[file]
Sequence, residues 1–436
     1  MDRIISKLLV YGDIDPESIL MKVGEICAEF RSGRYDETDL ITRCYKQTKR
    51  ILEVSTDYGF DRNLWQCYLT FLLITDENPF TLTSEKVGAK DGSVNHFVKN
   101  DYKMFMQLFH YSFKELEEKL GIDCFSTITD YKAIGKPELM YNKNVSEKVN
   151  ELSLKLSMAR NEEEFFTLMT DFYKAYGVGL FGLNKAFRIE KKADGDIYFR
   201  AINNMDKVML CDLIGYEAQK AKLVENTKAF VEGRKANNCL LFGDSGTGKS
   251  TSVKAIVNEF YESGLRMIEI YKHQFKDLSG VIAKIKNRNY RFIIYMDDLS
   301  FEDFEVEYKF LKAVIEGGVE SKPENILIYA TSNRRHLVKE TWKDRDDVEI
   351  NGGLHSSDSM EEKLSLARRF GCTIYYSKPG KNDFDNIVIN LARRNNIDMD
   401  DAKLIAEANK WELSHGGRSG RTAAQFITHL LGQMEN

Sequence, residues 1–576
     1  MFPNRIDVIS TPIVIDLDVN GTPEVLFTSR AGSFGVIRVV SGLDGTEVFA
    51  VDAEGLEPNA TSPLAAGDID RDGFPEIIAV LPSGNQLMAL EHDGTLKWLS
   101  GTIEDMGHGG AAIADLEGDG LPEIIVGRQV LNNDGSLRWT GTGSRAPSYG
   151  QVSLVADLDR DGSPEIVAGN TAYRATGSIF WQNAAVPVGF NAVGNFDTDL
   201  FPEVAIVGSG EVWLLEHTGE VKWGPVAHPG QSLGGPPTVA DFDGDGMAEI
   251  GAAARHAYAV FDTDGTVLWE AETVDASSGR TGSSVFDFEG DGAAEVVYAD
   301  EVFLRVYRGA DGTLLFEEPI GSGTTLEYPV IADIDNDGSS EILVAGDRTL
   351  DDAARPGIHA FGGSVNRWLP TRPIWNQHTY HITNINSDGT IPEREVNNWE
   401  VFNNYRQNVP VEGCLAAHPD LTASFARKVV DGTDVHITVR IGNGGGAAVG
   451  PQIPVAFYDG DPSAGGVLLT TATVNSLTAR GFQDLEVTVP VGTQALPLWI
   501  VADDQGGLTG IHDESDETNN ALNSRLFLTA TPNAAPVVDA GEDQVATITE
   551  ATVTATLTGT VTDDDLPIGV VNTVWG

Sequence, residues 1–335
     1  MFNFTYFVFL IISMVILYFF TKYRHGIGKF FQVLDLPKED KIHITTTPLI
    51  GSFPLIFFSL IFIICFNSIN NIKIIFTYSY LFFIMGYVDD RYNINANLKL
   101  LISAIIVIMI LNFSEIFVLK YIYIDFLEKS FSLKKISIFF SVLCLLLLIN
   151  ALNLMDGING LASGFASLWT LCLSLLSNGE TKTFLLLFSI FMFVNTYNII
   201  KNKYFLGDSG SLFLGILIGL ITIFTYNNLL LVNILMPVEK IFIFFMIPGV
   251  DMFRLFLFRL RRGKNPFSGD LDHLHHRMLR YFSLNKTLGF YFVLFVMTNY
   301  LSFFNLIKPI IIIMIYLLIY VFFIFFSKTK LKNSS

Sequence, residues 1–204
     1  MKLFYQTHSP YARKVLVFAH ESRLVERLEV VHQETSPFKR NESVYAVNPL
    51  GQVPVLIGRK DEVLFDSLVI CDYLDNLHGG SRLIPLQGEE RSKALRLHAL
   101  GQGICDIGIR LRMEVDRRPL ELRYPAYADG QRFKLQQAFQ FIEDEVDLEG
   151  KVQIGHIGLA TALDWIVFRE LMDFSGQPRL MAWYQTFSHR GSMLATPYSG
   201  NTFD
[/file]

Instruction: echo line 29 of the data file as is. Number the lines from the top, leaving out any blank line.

   201  KNKYFLGDSG SLFLGILIGL ITIFTYNNLL LVNILMPVEK IFIFFMIPGV